Each service also operated its own training institutions and facilities. The army's Training and Doctrine Command, based at Minna, had overall responsibility for developing, conducting, and evaluating army training and doctrine. It was organized into six directorates and two departments with sixteen training schools, including infantry, intelligence, signals, airborne, and amphibious warfare. Since 1985 it has used the United States- designed Systems Approach to Training, under which each of the army's four divisions prepared and conducted a comprehensive annual training program.

The multiprogram Nigerian Army School of Infantry (NASI) was the largest single-service school. In late 1988, it was announced that 5,040 officers and soldiers and 13 NAF officers had completed instruction at NASI during the previous three years; other graduates includes 146 police, 2 civilians from the DIC, and 145 military personnel from other African countries, mainly Zimbabwe. The number of officers in the various courses in 1988 was 273 airborne, 376 young officers course, 112 range management course, 67 quartermaster and direct short commission, 75 company commanders course, 15 unit sappers, and 23 mortar platoon.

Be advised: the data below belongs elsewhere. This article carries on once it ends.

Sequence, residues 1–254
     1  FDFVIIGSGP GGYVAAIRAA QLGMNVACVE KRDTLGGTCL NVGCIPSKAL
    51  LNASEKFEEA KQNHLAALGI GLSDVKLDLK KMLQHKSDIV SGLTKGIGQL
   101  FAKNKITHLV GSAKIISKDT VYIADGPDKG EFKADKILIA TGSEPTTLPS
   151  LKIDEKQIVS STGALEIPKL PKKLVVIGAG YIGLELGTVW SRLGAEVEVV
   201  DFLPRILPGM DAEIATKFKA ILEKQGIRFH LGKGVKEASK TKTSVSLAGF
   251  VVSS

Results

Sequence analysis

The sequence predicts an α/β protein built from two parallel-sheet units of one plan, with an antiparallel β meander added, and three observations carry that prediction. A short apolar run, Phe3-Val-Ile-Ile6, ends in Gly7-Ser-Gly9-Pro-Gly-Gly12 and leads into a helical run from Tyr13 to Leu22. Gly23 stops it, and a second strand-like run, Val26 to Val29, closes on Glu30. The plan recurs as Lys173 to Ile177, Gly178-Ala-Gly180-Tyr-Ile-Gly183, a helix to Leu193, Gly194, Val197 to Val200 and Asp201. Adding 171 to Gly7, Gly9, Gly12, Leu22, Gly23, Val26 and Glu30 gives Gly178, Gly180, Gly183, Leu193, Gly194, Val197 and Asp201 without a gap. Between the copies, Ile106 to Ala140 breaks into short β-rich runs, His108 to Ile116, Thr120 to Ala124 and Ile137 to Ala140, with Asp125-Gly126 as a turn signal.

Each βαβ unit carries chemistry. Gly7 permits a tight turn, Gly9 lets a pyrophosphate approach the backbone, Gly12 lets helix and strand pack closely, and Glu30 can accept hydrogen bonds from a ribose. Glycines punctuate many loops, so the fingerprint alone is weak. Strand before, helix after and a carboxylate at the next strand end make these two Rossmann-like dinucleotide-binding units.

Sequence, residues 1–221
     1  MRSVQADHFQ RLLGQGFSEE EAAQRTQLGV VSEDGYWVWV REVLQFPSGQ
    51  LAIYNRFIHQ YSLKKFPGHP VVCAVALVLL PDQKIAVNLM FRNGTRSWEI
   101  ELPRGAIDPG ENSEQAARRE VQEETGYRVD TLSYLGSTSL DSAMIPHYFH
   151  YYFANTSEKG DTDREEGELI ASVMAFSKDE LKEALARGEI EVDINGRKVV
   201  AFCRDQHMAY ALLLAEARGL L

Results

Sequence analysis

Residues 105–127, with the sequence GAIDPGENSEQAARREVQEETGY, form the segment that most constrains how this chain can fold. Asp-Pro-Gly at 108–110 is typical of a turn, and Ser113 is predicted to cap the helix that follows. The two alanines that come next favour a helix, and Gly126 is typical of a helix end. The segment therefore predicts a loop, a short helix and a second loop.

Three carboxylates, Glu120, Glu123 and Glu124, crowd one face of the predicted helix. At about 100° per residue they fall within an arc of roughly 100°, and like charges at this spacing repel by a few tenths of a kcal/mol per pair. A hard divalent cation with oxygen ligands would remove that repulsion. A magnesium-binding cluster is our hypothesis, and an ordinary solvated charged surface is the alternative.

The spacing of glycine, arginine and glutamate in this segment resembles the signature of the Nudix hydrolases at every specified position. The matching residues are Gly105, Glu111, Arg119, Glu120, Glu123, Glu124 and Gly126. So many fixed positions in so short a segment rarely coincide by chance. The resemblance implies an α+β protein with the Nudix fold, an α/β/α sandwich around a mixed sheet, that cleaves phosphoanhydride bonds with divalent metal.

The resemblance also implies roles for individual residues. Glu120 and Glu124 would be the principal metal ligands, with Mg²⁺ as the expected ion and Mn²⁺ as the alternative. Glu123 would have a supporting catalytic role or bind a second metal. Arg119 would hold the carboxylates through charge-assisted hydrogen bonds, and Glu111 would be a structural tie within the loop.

The navy's schools for officer and basic seamanship technical training were at the training complex at NNS Quorra, where the curriculum included navigation, diving, communications, and gunnery. Officer training at the Nigerian Naval College, Onura, entailed a two-year military and academic program followed by two years' shipboard and operational experience before commissioning as sublieutenants. The last class of forty-five midshipmen graduated in July 1990, after which the Nigerian Military University took over officers' training.

The Naval Training Command, established in November 1986, included several major subordinate facilities: NNS Onura and NNS Akaso near Port Harcourt; NNS Quorra at Apapa; the Diving School at Navytown in Ojo; the Navy Technical Training Centre, Sapele; the Dockyard Apprentice School near Lagos; and the NNS Logistic Centre. The navy relied primarily on West German and British firms to help establish its technical and professional schools. A new Underwater Warfare School, built by Dornier of Germany, opened in 1990 with more than 600 students. In late 1989, plans to set up a naval military school were still delayed by budgetary limitations, but officer training cooperation was being explored with India. By 1990 about 85 percent of naval training had been localized, resulting in annual savings of N100 million.